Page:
That urgency and cultural importance exploded in the late 60's and throughout the 70's, the last great era of original and adult-oriented American cinema. Just do a cursory examination of American films from the 1970's and you will get a hundred films that were cultural milestones while still being smart and mature films. Luckily, the horror genre was treated with almost equal importance. Horror gained a tonal seriousness about itself that seemed to stretch across the majority of the films released in that time. Rosemary's Baby preyed upon the fears of parenthood and the anxiety of others controlling you and your child's life. The Exorcist and The Texas Chain Saw Massacre were shot by directors who brought a sense of documentary realism to their stories of demon possession and southern fried cannibalism. The Omen (which was pretty much intended to be an Exorcist ripoff) gave itself an aura of importance with both the casting of Gregory Peck and the sense of genuine dread it created around the little terror known as Damien. Carrie treated the story of a high school outcast who gains the power of telekinesis as important as any high level drama picture. Jaws took an inherently B-movie premise and filled it with terrific performances and a complete lack of self-awareness, which made its terror seem completely authentic. Alien did the exact same thing, turning a body count movie set in space into a film whose imagery is still awe-inspiring and terrifying to this day. These movies didn't come off as cheap experiments or filler pictures. The filmmakers behind these pictures approached the material with absolute respect and a desire to tap into something that every person can relate to. In their minds, these pictures were going to be able to go toe to toe with the likes of The Godfather, Rocky, and One Flew Over the Cuckoo's Nest.
There were a few other notable examples towards the tail end of the 70's and starting in the 80's (Halloween and The Shining being the two that definitely deserve mention), but what happened in the 80's I think has blanketed the horror genre ever since. With the rise of the slasher film, horror became primarily known as a gimmicky genre. Dozens of imitators would flood the market, until a new trend arose, like creature effects heavy pictures. Sure, there are notable stand-outs (John Carpenter's The Thing and Poltergeist come to mind), but thanks to Friday the 13th and A Nightmare on Elm Street turning the genre into a franchise-able machine, horror didn't really feel like something important anymore. It felt like it was just for fun (an observation that can be applied to a majority of films from the 80's). Again, let me defend myself by saying that there are a ton of great horror films that came out of the 80's, and there's absolutely nothing wrong with wanting your horror movie experience to just be fun, but there are only a very small handful from that period that changed the cultural language while also feeling monumental as simply films. The effects that the 80's wave of horror films had led to it being a genre that didn't feel particularly serious anymore.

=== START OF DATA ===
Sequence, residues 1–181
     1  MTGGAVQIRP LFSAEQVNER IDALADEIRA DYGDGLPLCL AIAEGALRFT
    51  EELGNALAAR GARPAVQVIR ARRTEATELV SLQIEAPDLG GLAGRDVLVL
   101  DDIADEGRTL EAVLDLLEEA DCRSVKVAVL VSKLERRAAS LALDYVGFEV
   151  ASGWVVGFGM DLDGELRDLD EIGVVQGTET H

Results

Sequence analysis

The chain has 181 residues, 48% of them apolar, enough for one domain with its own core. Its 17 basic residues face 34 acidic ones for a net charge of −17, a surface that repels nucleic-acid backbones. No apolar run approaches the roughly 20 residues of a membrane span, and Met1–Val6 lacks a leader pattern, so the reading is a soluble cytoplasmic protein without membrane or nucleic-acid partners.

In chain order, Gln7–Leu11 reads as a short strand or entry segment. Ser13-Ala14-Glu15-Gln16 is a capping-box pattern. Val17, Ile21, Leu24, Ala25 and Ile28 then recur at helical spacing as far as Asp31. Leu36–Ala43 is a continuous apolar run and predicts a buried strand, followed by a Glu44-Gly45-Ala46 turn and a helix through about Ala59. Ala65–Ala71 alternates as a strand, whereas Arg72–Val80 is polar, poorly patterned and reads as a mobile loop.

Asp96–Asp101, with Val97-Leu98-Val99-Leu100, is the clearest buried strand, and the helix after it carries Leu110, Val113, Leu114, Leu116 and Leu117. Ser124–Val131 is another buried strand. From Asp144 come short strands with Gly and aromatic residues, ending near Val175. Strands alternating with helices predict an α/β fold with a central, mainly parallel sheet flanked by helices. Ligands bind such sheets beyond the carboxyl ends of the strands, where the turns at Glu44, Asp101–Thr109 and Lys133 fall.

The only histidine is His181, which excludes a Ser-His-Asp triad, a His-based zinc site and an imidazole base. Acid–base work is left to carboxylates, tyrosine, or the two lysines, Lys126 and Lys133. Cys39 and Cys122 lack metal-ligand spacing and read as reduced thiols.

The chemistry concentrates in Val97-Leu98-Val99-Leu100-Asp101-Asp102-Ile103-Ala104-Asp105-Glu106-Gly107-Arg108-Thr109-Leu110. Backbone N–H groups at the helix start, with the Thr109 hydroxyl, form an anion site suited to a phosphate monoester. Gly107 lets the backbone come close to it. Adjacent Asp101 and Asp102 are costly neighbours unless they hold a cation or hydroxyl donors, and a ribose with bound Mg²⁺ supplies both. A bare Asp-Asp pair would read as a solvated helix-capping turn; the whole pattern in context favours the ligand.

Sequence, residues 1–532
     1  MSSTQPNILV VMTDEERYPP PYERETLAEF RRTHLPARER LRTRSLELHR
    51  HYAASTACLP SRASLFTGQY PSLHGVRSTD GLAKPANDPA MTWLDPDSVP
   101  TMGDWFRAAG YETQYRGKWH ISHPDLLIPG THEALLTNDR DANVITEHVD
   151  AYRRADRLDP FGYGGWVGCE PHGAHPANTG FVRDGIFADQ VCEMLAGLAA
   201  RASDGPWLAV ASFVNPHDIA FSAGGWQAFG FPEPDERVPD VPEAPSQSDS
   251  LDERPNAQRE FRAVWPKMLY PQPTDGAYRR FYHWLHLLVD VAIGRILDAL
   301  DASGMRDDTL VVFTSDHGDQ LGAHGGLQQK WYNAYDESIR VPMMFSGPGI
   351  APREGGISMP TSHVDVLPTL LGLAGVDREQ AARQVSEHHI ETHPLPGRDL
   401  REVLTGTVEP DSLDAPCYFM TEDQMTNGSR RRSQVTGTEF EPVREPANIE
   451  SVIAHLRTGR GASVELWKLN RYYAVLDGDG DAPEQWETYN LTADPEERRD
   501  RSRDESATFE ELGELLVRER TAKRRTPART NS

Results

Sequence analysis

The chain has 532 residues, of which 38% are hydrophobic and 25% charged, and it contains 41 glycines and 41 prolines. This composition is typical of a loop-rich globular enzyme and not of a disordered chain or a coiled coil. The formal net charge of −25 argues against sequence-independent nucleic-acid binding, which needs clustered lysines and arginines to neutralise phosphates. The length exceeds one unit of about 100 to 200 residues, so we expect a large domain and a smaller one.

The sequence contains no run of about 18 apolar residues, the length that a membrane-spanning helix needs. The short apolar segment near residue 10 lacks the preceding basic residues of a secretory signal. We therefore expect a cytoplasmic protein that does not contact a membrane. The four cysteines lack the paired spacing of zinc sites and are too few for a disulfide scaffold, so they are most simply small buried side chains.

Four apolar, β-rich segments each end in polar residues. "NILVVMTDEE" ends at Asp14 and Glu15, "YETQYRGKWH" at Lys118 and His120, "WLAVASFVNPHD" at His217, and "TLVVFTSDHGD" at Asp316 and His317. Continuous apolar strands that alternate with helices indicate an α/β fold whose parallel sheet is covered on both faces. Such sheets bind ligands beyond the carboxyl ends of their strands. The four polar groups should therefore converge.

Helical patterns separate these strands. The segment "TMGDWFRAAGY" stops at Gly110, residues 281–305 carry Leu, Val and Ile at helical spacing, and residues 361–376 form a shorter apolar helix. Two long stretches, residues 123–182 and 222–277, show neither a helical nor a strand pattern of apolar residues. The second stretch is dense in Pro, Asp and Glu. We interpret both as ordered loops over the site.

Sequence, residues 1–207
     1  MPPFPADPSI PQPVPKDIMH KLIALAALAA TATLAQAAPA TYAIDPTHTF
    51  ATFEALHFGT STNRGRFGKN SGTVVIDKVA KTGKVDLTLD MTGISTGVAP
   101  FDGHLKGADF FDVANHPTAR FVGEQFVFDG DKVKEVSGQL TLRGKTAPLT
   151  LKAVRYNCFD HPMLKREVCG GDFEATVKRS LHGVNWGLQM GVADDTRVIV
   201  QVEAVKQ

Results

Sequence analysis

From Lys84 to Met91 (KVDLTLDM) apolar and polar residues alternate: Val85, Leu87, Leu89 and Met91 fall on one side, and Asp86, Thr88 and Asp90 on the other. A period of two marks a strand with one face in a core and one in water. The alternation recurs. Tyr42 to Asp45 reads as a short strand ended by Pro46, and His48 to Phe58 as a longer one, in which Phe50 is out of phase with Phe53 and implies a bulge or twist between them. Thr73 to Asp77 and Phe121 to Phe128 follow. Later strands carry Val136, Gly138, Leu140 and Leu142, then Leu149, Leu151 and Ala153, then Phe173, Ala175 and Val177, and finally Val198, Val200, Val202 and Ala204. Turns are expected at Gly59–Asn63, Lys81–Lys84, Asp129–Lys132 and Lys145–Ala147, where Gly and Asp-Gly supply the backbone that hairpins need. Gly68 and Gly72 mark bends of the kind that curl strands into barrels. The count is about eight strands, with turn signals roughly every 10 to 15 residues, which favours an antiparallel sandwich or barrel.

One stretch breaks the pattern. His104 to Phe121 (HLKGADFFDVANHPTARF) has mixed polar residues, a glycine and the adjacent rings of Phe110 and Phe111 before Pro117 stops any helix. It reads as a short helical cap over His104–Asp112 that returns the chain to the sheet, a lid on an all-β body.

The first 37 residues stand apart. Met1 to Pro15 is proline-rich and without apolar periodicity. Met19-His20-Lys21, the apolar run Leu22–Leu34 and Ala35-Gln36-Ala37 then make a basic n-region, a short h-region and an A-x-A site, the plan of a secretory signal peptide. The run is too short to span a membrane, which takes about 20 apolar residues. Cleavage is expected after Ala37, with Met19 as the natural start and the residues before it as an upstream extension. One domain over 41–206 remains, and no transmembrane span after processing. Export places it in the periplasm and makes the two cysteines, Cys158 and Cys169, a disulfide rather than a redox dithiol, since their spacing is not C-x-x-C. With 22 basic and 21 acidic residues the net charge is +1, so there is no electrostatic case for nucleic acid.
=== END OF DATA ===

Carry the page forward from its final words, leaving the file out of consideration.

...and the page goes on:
Then came The Silence of the Lambs in 1991. This was a film that returned to the somber and sincere tone of the 70's horror output. Now, a lot of filmmakers and advertisers avoid the word "horror" because it has a certain negative connotation to it. They prefer the terms "thriller" or "suspense." But no one can argue that a film about a cannibal and a guy that makes a suit out of human skin isn't a horror movie. This film brought back that important feeling to the genre, and featured those things that qualify it for an A-list picture: top notch director, high level production and serious casting. There have been a few candidates for A-list horror after The Silence of the Lambs, but nothing can come close to it since it took home Oscars in five of the biggest categories (Best Picture, Best Director, Best Actor, Best Actress and Best Writing for an Adapted Screenplay), making it the first horror film to even be nominated for Best Picture since The Exorcist. This was the high watermark for the genre and sadly, nothing has really tried to reach it since. The 90's are primarily remembered for Scream, which was more of a parody than an outright scare-fest, and also did everything in its power to take away the seriousness behind the genre (more specifically, the slasher movie, which to be fair has always been a semi-serious sub-genre).